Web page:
Wynne Gray is a Herald columnist

Wynne Gray: Nervous breakdowns are the rule in NPC

Marty Banks was a ruthless goal-kicker. Photo / www.photosport.nz
Marty Banks was a ruthless goal-kicker. Photo / www.photosport.nz

Great job Tasman, you finally knocked the buggers off, as Sir Ed might have said about your victory against Auckland.

You played with abundant spirit and skill for your historic win in difficult conditions at Eden Park. You were on point and Marty Banks was a ruthless goal-kicker.

For various reasons, including an offshore jaunt, it had been a while since I'd watched a provincial game, so I decided to give the competition another crack. Maybe the rule changes would grow on me.

Maybe not. The alterations are designed to make the game simpler to understand, less congested at the breakdown, easier to referee, reducing injury and creating more tries. Apparently.

They have created a shambles instead and the opposite of what the lawmakers should be trying to discover.

Rugby's problem is the lack of space, because fewer people go to breakdowns while their team-mates fan out across the field in two lines.

It's deep in the provincial series, yet players are still bewildered when referees penalise them for some indiscretion at the breakdown. They are unsure what they can do and how the referees will react.

They stand about scratching at the ball, sometimes booting it through the ruck, which is going to cause halfbacks some real misery or driving through a breakdown and hoping they don't get penalised.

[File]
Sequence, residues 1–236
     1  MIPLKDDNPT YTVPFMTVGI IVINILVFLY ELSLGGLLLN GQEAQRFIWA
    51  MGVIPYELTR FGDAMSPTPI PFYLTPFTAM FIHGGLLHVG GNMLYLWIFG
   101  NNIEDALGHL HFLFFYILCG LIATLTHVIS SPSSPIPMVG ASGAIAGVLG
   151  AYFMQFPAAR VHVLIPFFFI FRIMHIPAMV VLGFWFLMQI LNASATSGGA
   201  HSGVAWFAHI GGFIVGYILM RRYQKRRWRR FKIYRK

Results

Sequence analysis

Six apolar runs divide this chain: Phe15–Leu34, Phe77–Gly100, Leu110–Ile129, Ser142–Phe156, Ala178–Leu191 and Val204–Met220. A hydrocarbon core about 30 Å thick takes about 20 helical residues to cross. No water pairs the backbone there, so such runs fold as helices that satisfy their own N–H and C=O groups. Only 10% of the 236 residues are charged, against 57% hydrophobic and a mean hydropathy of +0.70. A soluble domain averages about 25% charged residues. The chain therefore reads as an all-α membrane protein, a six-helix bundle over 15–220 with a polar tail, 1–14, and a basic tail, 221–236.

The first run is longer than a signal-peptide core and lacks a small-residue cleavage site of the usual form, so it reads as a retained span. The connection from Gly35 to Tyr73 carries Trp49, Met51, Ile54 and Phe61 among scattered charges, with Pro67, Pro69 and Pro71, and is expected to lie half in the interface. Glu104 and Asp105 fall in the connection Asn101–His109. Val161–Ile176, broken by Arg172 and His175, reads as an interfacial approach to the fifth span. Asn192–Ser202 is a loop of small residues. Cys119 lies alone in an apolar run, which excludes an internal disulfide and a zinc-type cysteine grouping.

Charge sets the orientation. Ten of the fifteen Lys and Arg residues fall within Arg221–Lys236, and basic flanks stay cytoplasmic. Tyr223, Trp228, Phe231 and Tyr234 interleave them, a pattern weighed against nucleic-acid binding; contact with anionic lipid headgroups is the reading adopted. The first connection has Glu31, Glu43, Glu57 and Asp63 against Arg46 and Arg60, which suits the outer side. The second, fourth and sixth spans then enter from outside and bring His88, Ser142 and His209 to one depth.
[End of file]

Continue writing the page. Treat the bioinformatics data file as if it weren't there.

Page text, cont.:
Players with the ball seem to hold the ball for seconds and, when the cavalry does not arrive, they pass it from the ground. That goes against everything which made sense about the tackled ball.

Once upon a time, when you were tackled, you had to let go of the ball.

It was not to be cradled, cuddled, have your autograph, go through several forward rolls and then placed where you liked it.

What's fair about tacklers being told by the ref to release opponents who then almost get up, might release the ball for a microsecond and then continue to crawl, run or roll up field?

As much as anyone, I loathe laws at test and Super Rugby level which allow players to charge into the breakdowns at an angle and clean out defenceless rivals. More players do go to those rucks, however, and have a chance of turning over possession - but not in the NPC.

How does rugby attract more players to rucks and give them and spectators a chance to understand the rules? It's as easy as Banks' kicking style.

As soon as the tackler and his victim hit the ground, they are out of play and cannot touch the ball. You can't place it, push it, hatch it, squeeze it or do any of the stalling tactics encouraged at the moment.

The ball is the offside line and it should be open slather for anyone wanting to grab it or heel it back, as long as they stay on their feet. We want a contest at the breakdown, we want to keep magnificent specialist No7s in the game but, right now, rucks are a dodgy lottery encouraging utility loose forwards.

- NZ Herald

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Wynne Gray is a Herald columnist

The latest commentary and analysis from senior rugby writer Wynne Gray. Wynne has been covering the All Blacks for more than 27 years and has attended more than 230 All Blacks tests live for the Herald.

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